A History of BART: The Concept is Born
Artist's rendering of BART on the Golden Gate Bridge.
The following is a comprehensive narrative of the history of BART. You may also be interested in the book: BART the Dramatic History of the Bay Area Rapid Transit System written by retired BART spokesman Michael C. Healy and published by Heyday Books.
The BART Concept is Born
The BART story began in 1946. It began not by governmental fiat, but as a concept gradually evolving at informal gatherings of business and civic leaders on both sides of the San Francisco Bay. Facing a heavy post-war migration to the area and its consequent automobile boom, these people discussed ways of easing the mounting congestion that was clogging the bridges spanning the Bay. In 1947, a joint Army-Navy review Board concluded that another connecting link between San Francisco and Oakland would be needed in the years ahead to prevent intolerable congestion on the Bay Bridge. The link? An underwater tube devoted exclusively to high-speed electric trains.
Since 1911, visionaries had periodically brought up this Jules Verne concept. But now, pressure for a traffic solution increased with the population. In 1951, the State Legislature created the 26-member San Francisco Bay Area Rapid Transit Commission, comprised of representatives from each of the nine counties which touch the Bay. The Commission's charge was to study the Bay Area's long range transportation needs in the context of environmental problems and then recommend the best solution.
The Commission advised, in its final report in 1957, that any transportation plan must be coordinated with the area's total plan for future development. Since no development plan existed, the Commission prepared one itself. The result of their thoroughness is a master plan which did much to bring about coordinated planning in the Bay Area, and which was adopted a decade later by the Association of Bay Area Governments (ABAG).
The Commission's least-cost solution to traffic tie-ups was to recommend forming a five-county rapid transit district, whose mandate would be to build and operate a high-speed rapid rail network linking major commercial centers with suburban sub-centers.
The Commission stated that, "If the Bay Area is to be preserved as a fine place to live and work, a regional rapid transit system is essential to prevent total dependence on automobiles and freeways."
Thus was born the environmental concept underlying BART. Acting on the Commission's recommendations, in 1957, the Legislature formed the San Francisco Bay Area Rapid Transit District, comprising the five counties of Alameda, Contra Costa, Marin, San Francisco and San Mateo. At this time, the District was granted a taxing power of five cents per $100 of assessed valuation. It also had authority to levy property taxes to support a general obligation bond issue, if approved by District voters. The State Legislature lowered the requirement for voter approval from 66 percent to 60 percent.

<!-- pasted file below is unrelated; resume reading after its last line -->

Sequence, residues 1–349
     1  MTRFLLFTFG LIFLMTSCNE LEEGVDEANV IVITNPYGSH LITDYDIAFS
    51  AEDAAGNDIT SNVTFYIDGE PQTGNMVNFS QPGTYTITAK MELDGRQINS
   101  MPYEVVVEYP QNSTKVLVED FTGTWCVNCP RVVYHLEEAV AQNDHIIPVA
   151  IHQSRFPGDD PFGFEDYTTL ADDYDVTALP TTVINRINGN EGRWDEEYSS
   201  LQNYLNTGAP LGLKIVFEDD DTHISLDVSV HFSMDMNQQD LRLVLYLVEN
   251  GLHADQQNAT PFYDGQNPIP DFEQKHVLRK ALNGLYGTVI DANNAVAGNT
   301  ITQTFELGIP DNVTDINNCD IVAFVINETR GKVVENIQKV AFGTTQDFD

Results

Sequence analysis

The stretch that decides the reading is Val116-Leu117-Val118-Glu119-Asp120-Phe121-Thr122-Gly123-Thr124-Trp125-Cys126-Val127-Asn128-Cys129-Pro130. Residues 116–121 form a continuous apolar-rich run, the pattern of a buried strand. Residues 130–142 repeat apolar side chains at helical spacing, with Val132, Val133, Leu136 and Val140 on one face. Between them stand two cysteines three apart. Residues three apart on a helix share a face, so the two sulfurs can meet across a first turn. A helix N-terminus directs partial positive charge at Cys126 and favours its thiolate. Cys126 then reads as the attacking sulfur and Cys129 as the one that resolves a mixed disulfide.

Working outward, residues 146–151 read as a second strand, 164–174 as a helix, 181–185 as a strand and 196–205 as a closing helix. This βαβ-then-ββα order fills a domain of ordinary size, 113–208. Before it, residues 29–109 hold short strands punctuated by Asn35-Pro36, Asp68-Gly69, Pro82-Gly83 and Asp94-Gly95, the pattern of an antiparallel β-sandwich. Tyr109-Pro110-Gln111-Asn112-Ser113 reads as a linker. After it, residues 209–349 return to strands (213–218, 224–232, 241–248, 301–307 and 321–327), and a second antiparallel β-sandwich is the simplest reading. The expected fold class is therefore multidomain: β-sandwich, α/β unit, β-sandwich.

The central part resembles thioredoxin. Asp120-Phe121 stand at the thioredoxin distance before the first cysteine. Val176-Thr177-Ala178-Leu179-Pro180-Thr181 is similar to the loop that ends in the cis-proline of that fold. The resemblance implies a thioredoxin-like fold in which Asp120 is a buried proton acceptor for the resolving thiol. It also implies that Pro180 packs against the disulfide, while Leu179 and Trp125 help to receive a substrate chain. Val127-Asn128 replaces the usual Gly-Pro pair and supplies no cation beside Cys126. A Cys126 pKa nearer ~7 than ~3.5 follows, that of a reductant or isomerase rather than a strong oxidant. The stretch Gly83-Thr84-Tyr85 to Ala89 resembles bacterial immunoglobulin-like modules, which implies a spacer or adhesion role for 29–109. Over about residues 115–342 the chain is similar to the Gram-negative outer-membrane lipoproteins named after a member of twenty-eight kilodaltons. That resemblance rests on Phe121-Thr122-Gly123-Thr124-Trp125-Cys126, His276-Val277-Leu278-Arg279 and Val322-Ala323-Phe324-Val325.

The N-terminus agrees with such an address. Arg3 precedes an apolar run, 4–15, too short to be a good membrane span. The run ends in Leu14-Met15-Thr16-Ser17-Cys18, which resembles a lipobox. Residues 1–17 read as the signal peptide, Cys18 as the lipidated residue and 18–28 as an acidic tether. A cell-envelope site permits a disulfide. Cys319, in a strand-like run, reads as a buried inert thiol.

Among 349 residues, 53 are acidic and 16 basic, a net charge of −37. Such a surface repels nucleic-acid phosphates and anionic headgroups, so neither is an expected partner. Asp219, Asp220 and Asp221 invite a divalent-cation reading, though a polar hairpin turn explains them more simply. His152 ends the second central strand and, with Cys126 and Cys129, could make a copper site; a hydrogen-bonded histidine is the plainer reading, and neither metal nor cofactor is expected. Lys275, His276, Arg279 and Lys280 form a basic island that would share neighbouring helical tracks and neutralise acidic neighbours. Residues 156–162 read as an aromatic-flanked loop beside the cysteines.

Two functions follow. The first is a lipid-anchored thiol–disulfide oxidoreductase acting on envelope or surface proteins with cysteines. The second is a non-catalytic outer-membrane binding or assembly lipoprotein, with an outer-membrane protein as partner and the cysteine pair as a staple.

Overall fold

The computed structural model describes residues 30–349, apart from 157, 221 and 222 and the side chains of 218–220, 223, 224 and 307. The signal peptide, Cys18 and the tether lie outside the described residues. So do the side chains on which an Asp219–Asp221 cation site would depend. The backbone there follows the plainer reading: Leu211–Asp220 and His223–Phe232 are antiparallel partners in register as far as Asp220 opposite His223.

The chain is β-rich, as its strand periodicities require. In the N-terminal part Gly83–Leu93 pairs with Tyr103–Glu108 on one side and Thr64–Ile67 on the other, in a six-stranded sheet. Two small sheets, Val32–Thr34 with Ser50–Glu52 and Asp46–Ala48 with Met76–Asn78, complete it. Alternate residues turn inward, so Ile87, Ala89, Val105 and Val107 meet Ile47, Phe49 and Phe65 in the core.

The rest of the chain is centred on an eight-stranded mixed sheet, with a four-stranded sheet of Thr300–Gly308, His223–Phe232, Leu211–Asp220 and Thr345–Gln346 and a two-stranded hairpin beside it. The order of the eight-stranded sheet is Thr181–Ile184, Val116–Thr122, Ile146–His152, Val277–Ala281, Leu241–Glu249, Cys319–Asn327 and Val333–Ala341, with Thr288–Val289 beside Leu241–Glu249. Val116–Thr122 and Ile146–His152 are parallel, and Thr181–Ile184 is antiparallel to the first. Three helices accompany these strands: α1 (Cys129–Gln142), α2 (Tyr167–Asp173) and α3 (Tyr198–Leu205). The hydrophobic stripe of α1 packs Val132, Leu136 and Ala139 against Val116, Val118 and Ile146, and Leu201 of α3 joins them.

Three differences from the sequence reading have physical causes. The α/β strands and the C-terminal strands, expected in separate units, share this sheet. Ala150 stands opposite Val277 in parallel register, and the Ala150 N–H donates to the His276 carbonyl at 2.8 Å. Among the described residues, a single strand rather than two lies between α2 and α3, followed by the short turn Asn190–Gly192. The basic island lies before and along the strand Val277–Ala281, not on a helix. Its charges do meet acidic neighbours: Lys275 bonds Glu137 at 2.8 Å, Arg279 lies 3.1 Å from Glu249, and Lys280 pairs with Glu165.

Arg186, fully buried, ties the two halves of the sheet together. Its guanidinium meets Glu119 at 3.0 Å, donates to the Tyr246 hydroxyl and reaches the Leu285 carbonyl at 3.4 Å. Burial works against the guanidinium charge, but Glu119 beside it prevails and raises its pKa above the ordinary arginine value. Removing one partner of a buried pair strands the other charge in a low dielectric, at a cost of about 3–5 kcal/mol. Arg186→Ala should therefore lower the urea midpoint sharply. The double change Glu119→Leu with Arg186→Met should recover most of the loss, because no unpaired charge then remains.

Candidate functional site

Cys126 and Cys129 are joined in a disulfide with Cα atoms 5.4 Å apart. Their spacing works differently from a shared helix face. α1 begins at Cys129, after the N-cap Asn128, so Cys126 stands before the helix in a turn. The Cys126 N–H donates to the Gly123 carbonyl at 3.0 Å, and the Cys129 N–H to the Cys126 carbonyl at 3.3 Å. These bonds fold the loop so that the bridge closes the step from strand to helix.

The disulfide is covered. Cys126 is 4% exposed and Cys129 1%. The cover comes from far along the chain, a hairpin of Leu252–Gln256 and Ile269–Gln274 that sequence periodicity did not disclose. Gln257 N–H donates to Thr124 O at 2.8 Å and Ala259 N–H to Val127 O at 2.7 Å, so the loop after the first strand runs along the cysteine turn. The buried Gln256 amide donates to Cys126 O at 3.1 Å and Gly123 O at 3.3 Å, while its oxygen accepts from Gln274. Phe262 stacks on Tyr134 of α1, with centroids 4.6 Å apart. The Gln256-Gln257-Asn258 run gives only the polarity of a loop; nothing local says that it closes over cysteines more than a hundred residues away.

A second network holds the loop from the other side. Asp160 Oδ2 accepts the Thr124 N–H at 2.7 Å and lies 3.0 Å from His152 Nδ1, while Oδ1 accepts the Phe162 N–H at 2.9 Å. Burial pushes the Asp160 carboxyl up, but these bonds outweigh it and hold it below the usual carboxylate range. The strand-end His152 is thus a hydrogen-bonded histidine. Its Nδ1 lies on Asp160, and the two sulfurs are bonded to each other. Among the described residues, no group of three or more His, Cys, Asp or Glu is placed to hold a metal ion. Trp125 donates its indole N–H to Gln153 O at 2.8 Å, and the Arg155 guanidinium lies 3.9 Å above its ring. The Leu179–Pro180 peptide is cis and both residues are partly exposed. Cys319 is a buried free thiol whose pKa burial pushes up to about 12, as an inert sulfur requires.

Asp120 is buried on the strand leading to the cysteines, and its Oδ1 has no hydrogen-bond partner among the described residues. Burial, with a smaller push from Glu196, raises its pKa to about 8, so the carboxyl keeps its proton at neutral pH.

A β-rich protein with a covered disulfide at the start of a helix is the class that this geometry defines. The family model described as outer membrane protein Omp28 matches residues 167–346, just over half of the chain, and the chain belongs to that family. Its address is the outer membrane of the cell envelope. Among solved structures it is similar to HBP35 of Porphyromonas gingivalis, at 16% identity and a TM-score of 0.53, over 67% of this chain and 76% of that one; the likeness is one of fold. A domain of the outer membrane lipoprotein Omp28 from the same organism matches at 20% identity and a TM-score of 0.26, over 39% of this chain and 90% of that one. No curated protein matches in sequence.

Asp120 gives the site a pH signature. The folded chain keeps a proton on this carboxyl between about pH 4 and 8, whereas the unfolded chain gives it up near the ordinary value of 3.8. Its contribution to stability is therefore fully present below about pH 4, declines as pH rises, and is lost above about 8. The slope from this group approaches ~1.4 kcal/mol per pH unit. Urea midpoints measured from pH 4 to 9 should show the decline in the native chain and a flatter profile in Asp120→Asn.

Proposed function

Between 1957 and 1962, engineering plans were developed for a system that would usher in a new era in rapid transit. Electric trains would run on grade-separated right-of-ways, reaching maximum speeds of 75-80 mph, averaging perhaps 45 mph, including station stops. Advanced transit cars, with sophisticated suspensions, braking and propulsion systems, and luxurious interiors, would be strong competition to "King Car " in the Bay Area. Stations would be pleasant, conveniently located, and striking architectural enhancements to their respective on-line communities.
BART employees in the 1970s.
Hundreds of meetings were held in the District communities to encourage local citizen participation in the development of routes and station locations. By midsummer, 1961, the final plan was submitted to the supervisors of the five District counties for approval. San Mateo County Supervisors were cool to the plan. Citing the high costs of a new system-plus adequate existing service from Southern Pacific commuter trains - they voted to withdraw their county from the District in December 1961.